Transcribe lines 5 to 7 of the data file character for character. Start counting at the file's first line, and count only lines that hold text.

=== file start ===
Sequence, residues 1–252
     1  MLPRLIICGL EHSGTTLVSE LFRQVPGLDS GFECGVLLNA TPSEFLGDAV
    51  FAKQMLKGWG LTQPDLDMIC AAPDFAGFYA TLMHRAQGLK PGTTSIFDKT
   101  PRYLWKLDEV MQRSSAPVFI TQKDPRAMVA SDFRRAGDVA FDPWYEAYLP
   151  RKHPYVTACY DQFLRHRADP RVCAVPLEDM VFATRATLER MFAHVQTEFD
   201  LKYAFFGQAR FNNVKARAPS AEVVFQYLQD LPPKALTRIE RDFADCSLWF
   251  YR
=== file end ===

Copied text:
   151  RKHPYVTACY DQFLRHRADP RVCAVPLEDM VFATRATLER MFAHVQTEFD
   201  LKYAFFGQAR FNNVKARAPS AEVVFQYLQD LPPKALTRIE RDFADCSLWF
   251  YR